Health Questions and Answers


What is multiple sclerosis (MS)?
MS is the most common disabling neurologic disease of young people under age 40, affecting approximately 250,000 Americans. It is probably an autoimmune disease, characterized by relapsing and remitting episodes of inflammation in the brain and spinal cord. This inflammation destroys the myelin, which is the insulating sheath around nerve cells, and hence destroys the ability of the nerves to conduct electrical impulses (action potentials).

Describe the clinical symptoms of MS.
Clinically, MS may affect almost any part of the brain or spinal cord. Generally, symptoms come on fairly abruptly, over a period of hours to days, persist for several weeks, and then resolve over a period of several more weeks, often returning completely to normal. On average, patients have one attack per year, although about 20% of patients have a chronic progressive course with steady worsening deficits, without abrupt attacks. The highly variable presentation of MS reflects the fact that it may involve the optic nerves, spinal cord, pyramidal tracts, spinothalamic tracts, brain stem, or cerebellum.

Can any treatments alter the natural course of MS?
While a cure for MS remains elusive, some therapies may actually alter the natural course of MS. Beta interferon-1a (Rebif or Avonex), beta interferon-1b (Betaseron), and glatiramer acetate (Copaxone) decrease the number of yearly relapses in patients with MS, as demonstrated in large clinical trials. The drugs seem equally effective, cutting attacks by approximately one third. Major side effects of beta interferon include flulike symptoms and leukopenia. Copaxone has relatively few side effects; mild injection site inflammation is the only one of note. Despite their apparent benefit in decreasing relapses of MS, none of the drugs has shown much benefit in patients with chronic progressive MC, nor is it clear how well they prevent ultimate disability.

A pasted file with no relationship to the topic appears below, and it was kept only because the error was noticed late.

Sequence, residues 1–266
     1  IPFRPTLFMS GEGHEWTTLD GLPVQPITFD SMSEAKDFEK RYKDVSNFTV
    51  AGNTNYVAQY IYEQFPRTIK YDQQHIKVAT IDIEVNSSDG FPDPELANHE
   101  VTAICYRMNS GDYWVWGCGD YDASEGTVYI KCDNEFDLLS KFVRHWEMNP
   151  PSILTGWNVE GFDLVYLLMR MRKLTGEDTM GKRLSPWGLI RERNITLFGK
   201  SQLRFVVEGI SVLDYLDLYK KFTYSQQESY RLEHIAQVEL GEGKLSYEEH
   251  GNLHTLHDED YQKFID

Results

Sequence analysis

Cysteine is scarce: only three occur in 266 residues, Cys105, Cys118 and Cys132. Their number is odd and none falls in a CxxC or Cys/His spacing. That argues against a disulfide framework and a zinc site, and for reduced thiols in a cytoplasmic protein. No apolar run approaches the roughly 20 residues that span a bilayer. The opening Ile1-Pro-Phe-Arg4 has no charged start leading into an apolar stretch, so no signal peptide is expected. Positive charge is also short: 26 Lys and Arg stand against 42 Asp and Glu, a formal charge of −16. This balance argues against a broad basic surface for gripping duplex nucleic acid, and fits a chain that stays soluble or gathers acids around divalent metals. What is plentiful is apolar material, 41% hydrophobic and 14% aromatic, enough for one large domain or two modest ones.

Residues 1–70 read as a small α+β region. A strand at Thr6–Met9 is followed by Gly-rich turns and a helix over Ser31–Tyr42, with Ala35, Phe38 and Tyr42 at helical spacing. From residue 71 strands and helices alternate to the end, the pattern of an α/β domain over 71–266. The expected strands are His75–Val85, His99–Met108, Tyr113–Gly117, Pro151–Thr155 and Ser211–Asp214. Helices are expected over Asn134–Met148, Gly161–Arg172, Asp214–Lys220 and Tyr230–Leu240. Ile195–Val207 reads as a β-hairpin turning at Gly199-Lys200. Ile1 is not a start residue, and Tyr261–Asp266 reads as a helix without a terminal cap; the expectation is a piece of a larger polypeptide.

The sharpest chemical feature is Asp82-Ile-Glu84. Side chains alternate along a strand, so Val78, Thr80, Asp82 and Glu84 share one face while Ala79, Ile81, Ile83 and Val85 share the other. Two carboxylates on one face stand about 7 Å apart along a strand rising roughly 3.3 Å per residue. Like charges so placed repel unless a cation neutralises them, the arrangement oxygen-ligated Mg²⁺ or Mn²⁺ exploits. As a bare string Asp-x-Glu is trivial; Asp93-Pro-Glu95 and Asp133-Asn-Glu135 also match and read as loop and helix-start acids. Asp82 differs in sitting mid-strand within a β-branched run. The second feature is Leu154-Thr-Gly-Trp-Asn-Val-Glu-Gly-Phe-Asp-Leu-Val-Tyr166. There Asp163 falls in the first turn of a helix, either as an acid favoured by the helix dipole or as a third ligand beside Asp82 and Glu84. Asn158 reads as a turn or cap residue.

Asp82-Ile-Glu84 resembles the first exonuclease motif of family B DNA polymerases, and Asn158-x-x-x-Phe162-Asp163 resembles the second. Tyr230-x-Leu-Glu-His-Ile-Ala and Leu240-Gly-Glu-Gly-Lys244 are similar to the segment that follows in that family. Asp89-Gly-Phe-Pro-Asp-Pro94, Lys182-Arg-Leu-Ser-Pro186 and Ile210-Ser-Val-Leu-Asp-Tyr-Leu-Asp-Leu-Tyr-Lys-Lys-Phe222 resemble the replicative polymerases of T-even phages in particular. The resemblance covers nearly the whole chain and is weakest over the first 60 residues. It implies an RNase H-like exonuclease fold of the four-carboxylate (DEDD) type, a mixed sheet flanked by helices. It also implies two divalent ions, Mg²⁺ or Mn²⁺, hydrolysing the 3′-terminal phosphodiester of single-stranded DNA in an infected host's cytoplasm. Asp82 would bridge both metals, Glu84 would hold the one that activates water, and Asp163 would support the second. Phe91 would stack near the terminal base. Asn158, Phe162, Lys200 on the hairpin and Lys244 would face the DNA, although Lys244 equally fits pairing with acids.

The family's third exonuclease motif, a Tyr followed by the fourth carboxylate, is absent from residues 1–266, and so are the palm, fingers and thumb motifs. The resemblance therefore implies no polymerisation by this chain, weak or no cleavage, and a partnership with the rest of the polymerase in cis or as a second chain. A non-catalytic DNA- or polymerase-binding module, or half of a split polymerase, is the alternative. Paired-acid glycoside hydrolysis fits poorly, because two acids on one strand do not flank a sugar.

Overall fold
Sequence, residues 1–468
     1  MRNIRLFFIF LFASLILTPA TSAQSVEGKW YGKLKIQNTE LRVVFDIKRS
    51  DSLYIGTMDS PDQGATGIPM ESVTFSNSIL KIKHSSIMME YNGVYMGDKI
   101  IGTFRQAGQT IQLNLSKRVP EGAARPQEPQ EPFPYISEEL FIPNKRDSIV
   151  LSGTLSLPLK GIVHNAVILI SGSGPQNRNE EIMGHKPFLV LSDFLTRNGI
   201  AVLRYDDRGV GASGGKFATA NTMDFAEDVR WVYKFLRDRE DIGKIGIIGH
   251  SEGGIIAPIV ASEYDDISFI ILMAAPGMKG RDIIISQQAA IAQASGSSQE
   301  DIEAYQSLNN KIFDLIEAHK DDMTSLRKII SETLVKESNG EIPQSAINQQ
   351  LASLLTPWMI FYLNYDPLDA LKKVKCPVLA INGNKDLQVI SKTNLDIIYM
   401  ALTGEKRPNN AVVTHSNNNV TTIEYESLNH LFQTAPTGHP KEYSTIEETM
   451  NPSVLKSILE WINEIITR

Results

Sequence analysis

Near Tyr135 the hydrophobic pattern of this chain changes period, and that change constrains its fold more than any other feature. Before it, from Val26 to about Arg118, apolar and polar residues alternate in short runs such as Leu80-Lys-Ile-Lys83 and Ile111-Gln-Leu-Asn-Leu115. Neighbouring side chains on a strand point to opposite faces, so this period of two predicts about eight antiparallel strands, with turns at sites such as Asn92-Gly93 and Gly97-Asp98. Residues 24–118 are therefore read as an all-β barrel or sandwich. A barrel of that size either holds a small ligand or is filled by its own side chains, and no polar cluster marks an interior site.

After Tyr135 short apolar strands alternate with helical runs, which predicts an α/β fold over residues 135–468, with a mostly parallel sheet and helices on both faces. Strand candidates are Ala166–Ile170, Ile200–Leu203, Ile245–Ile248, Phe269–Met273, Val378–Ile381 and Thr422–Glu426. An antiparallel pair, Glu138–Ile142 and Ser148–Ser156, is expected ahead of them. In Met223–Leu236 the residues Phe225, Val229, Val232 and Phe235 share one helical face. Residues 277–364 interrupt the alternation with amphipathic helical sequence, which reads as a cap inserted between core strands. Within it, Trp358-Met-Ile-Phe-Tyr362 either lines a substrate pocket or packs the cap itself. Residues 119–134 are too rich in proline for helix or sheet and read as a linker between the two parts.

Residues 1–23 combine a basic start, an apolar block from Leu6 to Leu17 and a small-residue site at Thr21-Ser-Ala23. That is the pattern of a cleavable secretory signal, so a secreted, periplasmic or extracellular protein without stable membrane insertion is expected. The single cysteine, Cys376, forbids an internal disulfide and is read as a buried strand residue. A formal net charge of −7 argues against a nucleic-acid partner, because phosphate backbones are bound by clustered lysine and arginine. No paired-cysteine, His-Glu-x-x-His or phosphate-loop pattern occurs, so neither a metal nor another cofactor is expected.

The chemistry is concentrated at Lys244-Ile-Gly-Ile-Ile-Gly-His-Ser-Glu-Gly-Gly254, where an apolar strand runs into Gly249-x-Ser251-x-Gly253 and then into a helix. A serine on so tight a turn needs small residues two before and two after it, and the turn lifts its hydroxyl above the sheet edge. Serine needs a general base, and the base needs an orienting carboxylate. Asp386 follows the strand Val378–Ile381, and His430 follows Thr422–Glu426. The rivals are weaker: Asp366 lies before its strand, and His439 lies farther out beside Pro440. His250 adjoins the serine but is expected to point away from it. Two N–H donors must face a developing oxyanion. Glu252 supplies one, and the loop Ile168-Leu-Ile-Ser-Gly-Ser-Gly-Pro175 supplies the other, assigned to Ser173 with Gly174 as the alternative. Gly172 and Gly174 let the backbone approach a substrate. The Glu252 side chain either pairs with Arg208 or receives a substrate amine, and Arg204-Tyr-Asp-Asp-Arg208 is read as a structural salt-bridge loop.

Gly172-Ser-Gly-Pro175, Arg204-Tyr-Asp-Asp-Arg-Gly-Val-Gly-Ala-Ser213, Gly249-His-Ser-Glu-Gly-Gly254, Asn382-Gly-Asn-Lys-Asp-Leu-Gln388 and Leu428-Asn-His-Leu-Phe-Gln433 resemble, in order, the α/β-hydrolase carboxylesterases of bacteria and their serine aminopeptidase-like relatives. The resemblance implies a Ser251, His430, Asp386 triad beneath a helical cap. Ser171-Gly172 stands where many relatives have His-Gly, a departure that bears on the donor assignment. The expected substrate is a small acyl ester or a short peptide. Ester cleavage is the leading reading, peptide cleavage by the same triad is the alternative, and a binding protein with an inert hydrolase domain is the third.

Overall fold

How long do patients survive the onset of MS?
MS may be disabling but is seldom fatal. Most patients experience intermittent relapses for 5-15 years, followed by a more chronic progressive phase of variable duration. The life expectancy is almost normal and about one third of patients never experience significant disability.

WEB SITES (American Academy of Neurology)


  • Rolak LA: Multiple sclerosis. Clin Med Res 1:57-60, 2003.
  • Noseworthy JH (ed): Neurologic Therapeutics. London, Martin Dunitz, 2003.
  • Bradley WG, Daroff RB, Fenichel GM, Jankovic J: Neurology in Clinical Practice, 4th ed. Philadelphia, Butterworth-Heinemann, 2004.



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